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IPR in Film Industry

This paper deals with the in-depth idea of intellectual property rights (IPR), how the laws in India govern around these rights, types of intellectual rights which include copyright, patent, trademark etc. The approach of this paper is restricted to India and its governing laws related to IPR. It also mentions about the history of these rights, evolution and their necessity in today's modern world.

The role of IPR is expanding day by day in our lives in diverse fields as in literary arts, dance, music, sports, fashion, entertainment industries etc. IPR provides the original owners of their work certain protection backed by law where they can protect illegal use of their work or profit earned by someone else through their work.

The research focus of this paper revolves around IPR and entertainment industries, how movies, advertisements, artistic works, sound films and various other creations could be prevented from being imitated or borrowed by others, what are the various legal provisions that are available for the protection of certain rights related to IPR. The paper ends with a short conclusion summarizing the idea and intention behind this subject-matter chosen for this paper.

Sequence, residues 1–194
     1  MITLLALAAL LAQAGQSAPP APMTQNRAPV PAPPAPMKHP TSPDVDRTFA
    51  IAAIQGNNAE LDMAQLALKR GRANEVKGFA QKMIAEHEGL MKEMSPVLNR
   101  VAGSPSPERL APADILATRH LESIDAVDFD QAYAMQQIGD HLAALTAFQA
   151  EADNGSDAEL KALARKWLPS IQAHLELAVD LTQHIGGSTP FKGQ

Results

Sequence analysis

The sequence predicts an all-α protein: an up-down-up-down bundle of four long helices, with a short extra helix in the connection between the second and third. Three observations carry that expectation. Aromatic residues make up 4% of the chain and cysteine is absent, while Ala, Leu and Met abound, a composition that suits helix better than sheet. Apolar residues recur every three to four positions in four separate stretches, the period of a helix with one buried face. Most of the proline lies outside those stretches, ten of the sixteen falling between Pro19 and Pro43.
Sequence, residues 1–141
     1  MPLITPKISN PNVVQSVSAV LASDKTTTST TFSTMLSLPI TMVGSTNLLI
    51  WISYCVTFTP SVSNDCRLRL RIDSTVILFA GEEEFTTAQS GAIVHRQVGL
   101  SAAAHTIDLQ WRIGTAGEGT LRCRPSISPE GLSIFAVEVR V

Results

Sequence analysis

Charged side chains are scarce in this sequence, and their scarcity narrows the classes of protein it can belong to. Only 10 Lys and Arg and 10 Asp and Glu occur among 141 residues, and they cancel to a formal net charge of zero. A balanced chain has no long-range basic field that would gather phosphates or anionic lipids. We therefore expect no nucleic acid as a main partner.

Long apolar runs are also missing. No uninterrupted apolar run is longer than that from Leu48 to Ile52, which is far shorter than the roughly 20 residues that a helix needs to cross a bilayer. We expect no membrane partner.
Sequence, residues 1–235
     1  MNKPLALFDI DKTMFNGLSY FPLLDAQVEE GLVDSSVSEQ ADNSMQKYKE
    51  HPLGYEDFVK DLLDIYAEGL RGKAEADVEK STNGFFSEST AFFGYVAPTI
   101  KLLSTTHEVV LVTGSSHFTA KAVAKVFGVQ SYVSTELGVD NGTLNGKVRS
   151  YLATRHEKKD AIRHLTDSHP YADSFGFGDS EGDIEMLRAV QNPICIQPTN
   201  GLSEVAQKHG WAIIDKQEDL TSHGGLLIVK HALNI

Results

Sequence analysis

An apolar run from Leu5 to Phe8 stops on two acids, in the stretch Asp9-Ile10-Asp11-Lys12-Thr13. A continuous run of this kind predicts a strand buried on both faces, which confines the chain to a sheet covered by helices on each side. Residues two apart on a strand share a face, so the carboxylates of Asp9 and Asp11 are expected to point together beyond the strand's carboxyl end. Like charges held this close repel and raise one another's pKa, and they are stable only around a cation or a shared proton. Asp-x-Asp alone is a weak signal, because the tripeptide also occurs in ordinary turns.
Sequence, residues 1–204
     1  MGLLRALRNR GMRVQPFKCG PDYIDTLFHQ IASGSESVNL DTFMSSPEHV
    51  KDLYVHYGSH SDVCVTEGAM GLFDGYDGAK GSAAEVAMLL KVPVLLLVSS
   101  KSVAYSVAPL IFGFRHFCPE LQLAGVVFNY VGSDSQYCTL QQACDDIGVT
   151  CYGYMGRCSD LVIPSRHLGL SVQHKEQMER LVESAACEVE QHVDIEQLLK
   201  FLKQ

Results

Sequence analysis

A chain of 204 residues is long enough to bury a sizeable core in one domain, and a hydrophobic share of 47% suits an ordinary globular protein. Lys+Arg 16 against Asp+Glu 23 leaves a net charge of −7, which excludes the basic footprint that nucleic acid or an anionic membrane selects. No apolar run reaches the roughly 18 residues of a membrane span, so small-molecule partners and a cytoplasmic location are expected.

According to World Intellectual Property Organization (WIPO)- "Intellectual Property � refers to creations of the mind, such as inventions, literary and artistic works, designs and symbols, names and images".[1] Intellectual rights also referred to as the creation of human minds or the work that has been produced through the intellectual knowledge of the people which may include any literary piece of art, poetry, symbols, design, music, script, advertisement and various other creations.

These are termed as tangible properties of the people. World Trade Organization (WTO) defines IP rights as follows- "Intellectual property rights are the rights given to persons over the creations of their minds. They usually give the creator an exclusive right over the use of his/her creation for a certain period of time".[2]

These rights are being protected and the ownership lies with the original inventor of that creation and no other person than the owner of that creation or invention can benefit from the profits of their work unless permitted by the owner.

There are various types of IP rights which majorly include:

  • Patents